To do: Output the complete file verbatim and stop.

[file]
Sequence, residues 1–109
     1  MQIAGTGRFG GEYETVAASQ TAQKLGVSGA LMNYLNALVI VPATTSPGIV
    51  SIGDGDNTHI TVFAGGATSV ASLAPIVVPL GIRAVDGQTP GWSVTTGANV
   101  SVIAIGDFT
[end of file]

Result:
Sequence, residues 1–109
     1  MQIAGTGRFG GEYETVAASQ TAQKLGVSGA LMNYLNALVI VPATTSPGIV
    51  SIGDGDNTHI TVFAGGATSV ASLAPIVVPL GIRAVDGQTP GWSVTTGANV
   101  SVIAIGDFT